April 10, 2015 1:57 pm

Innovation is typically a strikingly purposeful process. Hours of work, thousands of dollars, and multitudes of resources come together to create an invention. Very rarely, however, scientists or even just your average Joe will stumble upon an accidental invention while working on another project or doing something completely unrelated. Accidental inventions, although rare and seemingly random, have improved society and made a positive impact on the world.


After earning multiple organic chemistry degrees, Dr. Roy Plunkett took a job with DuPont working with synthesizing new forms of refrigerant. In 1927, he and his assistant were experimenting with a potential gas refrigerant and Dr. Plunkett discovered when the gas was frozen, it became a waxy white powder. The newly discovered substance was useful because it was slippery, non-corrosive, stable, and had a high melting point. The substance had various uses until the 1960s, when it was mainly marketed as Teflon, a coating for non-stick pans. Today, Teflon has many other uses, including coating on glasses, infrared decoy flares, and igniters for rocket propellants.


In the 1950s, Wilson Greatbatch, a medical researcher and assistant professor at the University of Buffalo, was attempting to build a device which could record heart beats. He assembled his device with an incorrect part and thought he had made a mistake, but his error created a device that gave off a rhythmic electrical pulse, identical to the beating of a healthy heart. He quickly realized this invention could help people, and spent two years refining the device to patent the world’s first implantable pacemaker. Prior to Greatbatch’s accidental invention, pacemakers were quite large and could shock patients during use, so his invention was much needed in the medical community. At the time of his death, Greatbatch held over 150 patents.


In 1905, an eleven-year-old boy named Frank Epperson put soda water mixed with powdered flavoring on his porch to cool, leaving the stirring stick inside. He forgot about his beverage, and left it overnight, causing it to freeze and make a chilly snack on a stick. Seventeen years later, after his ice pops were a big hit at a social event, he realized his accidental invention could bring him financial success. He patented his invention in 1924, and sold the patent in 1925 to a company which would create the Popsicle brand.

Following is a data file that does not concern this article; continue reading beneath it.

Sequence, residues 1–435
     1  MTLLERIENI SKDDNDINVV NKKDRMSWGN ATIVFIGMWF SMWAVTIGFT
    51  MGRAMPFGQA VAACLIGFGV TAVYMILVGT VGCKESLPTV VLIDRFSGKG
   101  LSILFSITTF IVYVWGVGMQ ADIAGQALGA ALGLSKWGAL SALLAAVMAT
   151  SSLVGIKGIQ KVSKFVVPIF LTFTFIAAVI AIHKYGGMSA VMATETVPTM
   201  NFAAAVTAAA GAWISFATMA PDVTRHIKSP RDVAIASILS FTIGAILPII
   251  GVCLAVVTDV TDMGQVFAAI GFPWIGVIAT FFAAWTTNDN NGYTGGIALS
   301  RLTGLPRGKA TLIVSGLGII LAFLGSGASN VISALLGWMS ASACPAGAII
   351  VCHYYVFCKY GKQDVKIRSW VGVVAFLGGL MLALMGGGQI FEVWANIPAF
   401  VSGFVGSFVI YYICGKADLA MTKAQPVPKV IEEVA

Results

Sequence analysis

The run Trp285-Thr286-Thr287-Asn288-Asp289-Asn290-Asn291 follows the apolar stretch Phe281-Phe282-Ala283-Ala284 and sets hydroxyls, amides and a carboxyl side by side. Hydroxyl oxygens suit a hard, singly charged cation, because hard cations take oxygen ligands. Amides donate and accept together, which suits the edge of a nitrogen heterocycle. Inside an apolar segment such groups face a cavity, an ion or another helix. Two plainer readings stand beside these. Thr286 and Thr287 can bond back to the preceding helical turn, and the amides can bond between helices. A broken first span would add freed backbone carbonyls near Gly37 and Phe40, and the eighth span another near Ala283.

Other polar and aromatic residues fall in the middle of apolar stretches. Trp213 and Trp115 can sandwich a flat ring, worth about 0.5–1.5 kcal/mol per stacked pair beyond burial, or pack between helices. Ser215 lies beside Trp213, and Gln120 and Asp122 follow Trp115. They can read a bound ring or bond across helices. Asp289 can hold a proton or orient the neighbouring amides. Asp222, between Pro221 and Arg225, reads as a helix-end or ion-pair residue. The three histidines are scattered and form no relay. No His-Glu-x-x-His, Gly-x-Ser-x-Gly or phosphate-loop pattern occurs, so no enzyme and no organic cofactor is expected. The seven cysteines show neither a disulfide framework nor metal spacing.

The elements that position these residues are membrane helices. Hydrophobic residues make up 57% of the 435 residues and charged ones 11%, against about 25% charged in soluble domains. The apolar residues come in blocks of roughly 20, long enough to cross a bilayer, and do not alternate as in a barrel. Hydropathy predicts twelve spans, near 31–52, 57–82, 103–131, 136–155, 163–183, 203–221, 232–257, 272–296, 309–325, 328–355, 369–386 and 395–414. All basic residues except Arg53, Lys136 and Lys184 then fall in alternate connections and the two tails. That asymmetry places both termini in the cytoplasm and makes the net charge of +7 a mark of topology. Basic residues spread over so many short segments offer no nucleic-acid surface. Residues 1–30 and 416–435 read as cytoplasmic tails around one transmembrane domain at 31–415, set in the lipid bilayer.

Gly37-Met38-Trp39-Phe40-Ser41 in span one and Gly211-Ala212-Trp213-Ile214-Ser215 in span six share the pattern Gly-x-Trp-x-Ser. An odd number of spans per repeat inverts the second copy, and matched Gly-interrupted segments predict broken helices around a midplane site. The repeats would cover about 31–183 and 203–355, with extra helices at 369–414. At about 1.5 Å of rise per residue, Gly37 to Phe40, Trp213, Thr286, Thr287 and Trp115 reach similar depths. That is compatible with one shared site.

Post-It Notes

In 1968, Dr. Spencer Silver, a scientist at 3M, was attempting to develop a super-strong adhesive when he accidentally created a reusable, pressure-sensitive adhesive. Over the next five years, he attempted to convince his 3M colleagues of his invention’s usefulness. In 1974, a colleague named Art Fry desired a bookmark which could adhere to his hymnbook. Through a company policy that encouraged further development by peers, Fry borrowed Silver’s adhesive idea and created the first Post-It note. Originally marketed as the “Press ‘n Peel,” the product had limited success until 1980, when the company issued free samples and rebranded the product as “Post It Notes.”


Electrical engineer George De Mestral was taking his dog for a walk in the woods when he was fascinated by how well burrs stuck to his pet. Under a microscope, he examined the hooks of the cocklebur and thought they could attach to small loops in clothing. Mestral experimented with various materials and in 1955, created Velcro out of nylon. In 1959, his invention was showcased in a New York City fashion show but it didn’t become popular until NASA used it to secure items in a zero-gravity environment. Hospitals, athletic companies, and other industries caught on and realized the practicality of the material soon after.


In 1928, Sir Alexander Fleming’s accidental discovery of penicillin changed the course of medicine. After returning from a two-week vacation, Fleming found mold had developed on a contaminated staphylococcus culture. When he examined the culture, he noticed the mold prevented the growth of the bacteria. He studied penicillin for three years until two researchers at the University of Oxford continued to develop the antibiotic and tested it as a medicine for mice. In 1942, the first patient was successfully treated for streptococcal septicemia. Penicillin helped to reduce the number of deaths and amputations during World War II, with 650 billion units created per month. Today, penicillin is the most widely used antibiotic in the world.

These accidental inventions have had a huge and lasting effect on the world. Just because a discovery is not intentional does not mean that it cannot be impactful. Had these accidental inventors not pursued their ideas, the advances they made may have never occurred.

Have you accidentally stumbled upon an invention idea that you would like to pursue? Request free inventors information from InventHelp to get started today.


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